Making her mark: Sarah Storey was named a Dame in the New Year Honours list

In truth, no athlete, sportsman or sportswoman competes with these ceremonial honours in mind. The distinction that truly counts is the medal hung around their neck on the podium or the trophy they receive at the climax to a tournament.

Sports stars receive honours enough, and most of them would happily cede their place on the list to a charity worker or a member of the Armed Forces if that were the choice. But as a nation we enjoy having sporting heroes and it is a fine problem to have too many for once.

Who said the honours system was ever consistent, anyway Want the proof Some inherit a title because their father was made a Baronet, like Sir Mark Thatcher. And then there’s Sir Jimmy Savile. I could go on.

Sports Personality of the Year 2012: Who will win?

Sports Personality of the Year: The shortlist is in… but who do our writers think will win

PUBLISHED:

12:13 GMT, 27 November 2012

|

UPDATED:

15:34 GMT, 27 November 2012

Names in the frame…

Nicola Adams (boxing)
Ben Ainslie (sailing)
Jessica Ennis (athletics)
Mo Farah (athletics)
Katherine Grainger (rowing)
Sir Chris Hoy (cycling)
Rory McIlroy (golf)
Andy Murray (tennis)
Ellie Simmonds (swimming)
Sarah Storey (cycling)
David Weir (athletics)
Bradley Wiggins (cycling)

Winner announced on Sunday, December 16

This year's BBC Sports Personality of the Year Award is as wide open as it has ever been following 12 months of remarkable achievement from our British athletes.

A stellar year for British sport has seen countless timeless moments created by our sporting stars at the London 2012 Olympic Games as well as some stunning winning performances from Brits in annual events such as the Tour de France and the US Open.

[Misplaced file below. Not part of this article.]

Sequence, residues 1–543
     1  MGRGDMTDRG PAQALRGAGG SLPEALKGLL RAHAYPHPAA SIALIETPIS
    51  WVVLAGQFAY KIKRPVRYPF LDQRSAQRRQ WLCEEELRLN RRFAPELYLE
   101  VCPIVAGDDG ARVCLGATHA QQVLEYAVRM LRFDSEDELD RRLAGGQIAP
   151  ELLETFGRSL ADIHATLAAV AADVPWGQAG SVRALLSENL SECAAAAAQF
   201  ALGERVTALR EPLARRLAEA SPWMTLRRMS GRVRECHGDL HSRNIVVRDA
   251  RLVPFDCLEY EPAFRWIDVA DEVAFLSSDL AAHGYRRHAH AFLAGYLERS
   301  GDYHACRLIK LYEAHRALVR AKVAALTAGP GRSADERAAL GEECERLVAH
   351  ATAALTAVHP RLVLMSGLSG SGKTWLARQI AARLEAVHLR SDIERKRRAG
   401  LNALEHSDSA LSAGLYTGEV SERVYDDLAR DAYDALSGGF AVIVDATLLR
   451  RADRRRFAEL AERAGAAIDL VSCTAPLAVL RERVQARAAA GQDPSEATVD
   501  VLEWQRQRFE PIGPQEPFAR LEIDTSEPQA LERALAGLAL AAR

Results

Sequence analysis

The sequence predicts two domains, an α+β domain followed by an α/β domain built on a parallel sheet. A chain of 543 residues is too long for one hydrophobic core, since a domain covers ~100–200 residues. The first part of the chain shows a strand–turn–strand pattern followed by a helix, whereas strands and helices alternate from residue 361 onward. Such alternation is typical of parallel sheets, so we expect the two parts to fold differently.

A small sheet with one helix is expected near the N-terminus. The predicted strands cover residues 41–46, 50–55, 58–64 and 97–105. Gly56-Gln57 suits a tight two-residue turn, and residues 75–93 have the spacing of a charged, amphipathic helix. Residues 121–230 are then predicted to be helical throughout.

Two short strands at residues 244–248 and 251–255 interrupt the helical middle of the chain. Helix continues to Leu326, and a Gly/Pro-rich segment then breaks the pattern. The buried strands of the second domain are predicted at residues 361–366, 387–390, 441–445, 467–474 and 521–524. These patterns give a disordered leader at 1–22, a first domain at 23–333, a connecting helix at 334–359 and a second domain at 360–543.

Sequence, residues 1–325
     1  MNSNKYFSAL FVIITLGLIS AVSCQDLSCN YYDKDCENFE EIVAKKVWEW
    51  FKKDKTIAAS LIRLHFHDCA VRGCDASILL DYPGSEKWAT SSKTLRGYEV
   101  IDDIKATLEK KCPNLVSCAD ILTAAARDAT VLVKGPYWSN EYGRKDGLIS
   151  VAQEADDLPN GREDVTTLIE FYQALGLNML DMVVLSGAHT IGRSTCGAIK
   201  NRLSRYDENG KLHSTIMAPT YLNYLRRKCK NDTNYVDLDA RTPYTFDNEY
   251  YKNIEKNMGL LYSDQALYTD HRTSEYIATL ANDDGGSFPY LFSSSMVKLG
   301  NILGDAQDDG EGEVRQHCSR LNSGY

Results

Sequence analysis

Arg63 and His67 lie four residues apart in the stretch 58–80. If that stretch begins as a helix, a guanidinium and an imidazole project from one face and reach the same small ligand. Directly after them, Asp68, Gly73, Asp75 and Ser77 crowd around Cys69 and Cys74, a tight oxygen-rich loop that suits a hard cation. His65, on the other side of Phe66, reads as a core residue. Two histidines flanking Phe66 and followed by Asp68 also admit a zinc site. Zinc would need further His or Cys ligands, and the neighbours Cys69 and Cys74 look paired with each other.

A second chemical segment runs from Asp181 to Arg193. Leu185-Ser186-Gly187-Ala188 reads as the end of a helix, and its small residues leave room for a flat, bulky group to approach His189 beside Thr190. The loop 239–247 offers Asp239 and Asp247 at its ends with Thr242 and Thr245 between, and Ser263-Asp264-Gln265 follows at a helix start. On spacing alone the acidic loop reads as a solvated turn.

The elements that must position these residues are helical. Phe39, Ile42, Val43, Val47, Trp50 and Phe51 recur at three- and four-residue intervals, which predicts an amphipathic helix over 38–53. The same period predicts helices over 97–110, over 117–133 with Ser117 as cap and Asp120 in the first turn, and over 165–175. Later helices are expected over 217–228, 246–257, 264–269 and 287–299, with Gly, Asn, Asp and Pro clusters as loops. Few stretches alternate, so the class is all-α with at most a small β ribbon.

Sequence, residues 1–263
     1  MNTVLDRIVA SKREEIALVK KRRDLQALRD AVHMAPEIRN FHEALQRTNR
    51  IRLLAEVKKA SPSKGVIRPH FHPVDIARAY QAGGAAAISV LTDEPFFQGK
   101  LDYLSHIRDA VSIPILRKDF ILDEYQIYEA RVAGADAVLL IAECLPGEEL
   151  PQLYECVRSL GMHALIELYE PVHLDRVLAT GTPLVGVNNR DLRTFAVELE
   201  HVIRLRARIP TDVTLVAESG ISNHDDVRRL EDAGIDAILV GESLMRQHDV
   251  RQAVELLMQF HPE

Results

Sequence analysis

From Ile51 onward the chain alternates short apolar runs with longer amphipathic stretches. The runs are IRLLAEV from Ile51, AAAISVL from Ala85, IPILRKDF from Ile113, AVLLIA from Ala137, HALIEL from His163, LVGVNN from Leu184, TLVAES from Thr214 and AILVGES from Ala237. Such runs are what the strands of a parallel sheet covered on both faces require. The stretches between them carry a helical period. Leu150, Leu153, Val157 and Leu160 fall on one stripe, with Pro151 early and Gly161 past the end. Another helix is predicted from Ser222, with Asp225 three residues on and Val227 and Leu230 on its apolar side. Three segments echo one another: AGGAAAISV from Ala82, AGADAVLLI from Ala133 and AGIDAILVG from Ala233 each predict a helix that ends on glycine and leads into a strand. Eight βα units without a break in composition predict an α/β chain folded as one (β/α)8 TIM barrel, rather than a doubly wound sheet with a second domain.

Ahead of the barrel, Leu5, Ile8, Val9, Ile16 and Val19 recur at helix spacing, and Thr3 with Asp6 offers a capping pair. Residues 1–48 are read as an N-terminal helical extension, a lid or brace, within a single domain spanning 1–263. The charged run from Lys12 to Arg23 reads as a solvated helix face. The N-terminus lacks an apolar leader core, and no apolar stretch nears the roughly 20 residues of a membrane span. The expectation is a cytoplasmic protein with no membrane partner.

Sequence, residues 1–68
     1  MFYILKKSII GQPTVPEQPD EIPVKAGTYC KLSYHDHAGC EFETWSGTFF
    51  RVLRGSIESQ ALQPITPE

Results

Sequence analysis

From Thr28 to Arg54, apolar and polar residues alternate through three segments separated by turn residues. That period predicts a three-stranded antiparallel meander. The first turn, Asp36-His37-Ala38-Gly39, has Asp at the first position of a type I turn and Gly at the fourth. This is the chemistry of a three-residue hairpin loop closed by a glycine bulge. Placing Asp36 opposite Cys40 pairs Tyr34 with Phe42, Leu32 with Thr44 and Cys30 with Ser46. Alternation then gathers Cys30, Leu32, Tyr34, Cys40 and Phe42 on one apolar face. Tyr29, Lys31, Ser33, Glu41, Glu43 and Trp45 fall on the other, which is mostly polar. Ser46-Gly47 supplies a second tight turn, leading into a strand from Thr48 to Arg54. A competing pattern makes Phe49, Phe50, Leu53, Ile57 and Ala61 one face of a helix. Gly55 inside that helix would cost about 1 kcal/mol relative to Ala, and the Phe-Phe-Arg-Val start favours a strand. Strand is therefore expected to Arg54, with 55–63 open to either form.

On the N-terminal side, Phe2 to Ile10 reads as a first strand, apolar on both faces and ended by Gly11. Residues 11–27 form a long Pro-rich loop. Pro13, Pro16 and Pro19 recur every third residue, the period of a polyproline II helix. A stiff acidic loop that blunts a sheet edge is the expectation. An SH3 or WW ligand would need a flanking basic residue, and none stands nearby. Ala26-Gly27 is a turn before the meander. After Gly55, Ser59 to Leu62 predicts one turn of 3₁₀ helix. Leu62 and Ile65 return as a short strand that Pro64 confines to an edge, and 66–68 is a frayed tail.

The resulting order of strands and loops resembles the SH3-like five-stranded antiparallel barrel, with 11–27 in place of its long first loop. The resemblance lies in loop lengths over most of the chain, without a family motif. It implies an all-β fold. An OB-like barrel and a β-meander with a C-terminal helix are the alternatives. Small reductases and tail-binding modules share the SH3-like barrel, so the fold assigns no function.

All 12 nominees are in with a genuine chance of winning and, as such, next month's vote promises to be the most hotly contested since the award's inauguration in 1954.

With the countdown to the showpiece on December 16 well under way, Sportsmail's panel of experts give their views on who they think should win the coveted award…

Last time out: Mark Cavendish (centre) collects the 2011 award ahead of second-placed Darren Clarke (left) and third-placed Mo Farah (right)

Last time out: Mark Cavendish (centre) collects the 2011 award ahead of second-placed Darren Clarke (left) and third-placed Mo Farah (right)

JONATHAN McEVOY

Bradley Wiggins

The greatest natural
extrovert in British Olympic sport since Daley Thompson. Both could
offend – Daley turned up in a tracksuit to accept his BBC award and then
swore live on air – but you can’t deny they are both personalities.

Even without his Olympic gold medal,
Wiggins would be the supreme candidate for becoming the first Briton to
win the Tour de France, and to do so clean.

Stellar year: Wiggins celebrates winning the Tour de France

Stellar year: Wiggins celebrates winning the Tour de France

Ben Ainslie, who has just retired
from Olympic competition, is the only Briton to have won four
consecutive individual gold medals and, therefore, my second choice.
Andy Murray is my third.

Charlotte Dujardin and Laura Trott,
two of only four women to claim two golds at one Games, are both unlucky
not to be on the list. So are triathlete Alistair Brownlee and sprint
cyclist Jason Kenny. Their omissions reinforce how 2012 was the year of
unsurpassed sporting achievement.

LAURA WILLIAMSON

David Weir

Until the Paralympic Games I would have voted for Bradley Wiggins or Mo Farah – but then the Weirwolf came along. I watched all of his races in London and still can’t comprehend the drive and mental toughness, never mind the physical toll, that took him to four gold medals.

His performances and personality –
particularly the change that occurred when he put on his red helmet,
ready to race – opened my eyes to the intense, challenging sport of
wheelchair racing. And I would hazard a guess I’m not the only one.

Weirwolf: David Weir won four gold medals at the Paralympic Games

Weirwolf: David Weir won four gold medals at the Paralympic Games

After the debacle of last year, when not a single woman made the shortlist, I was really pleased to see Nicola Adams made the final 12. Personality The woman defines the word. So too, though, do double gold medallist Laura Trott and Ian Poulter, the inspiration behind Europe’s Ryder Cup win. I was surprised Trott missed out, in particular.

MIKE DICKSON

Mo Farah

In this toughest ever ballot it has to be an individual who triumphed without the assistance of team-mates.

Therefore, as the most memorable face of
Britain’s greatest ever sports event, Mo Farah wins by a short head
from Andy Murray, whose historic triumphs give him second by a short
head from Bradley Wiggins.

Historic double: Farah won both the 5,000m and 10,000m at London 2012

Historic double: Farah won both the 5,000m and 10,000m at London 2012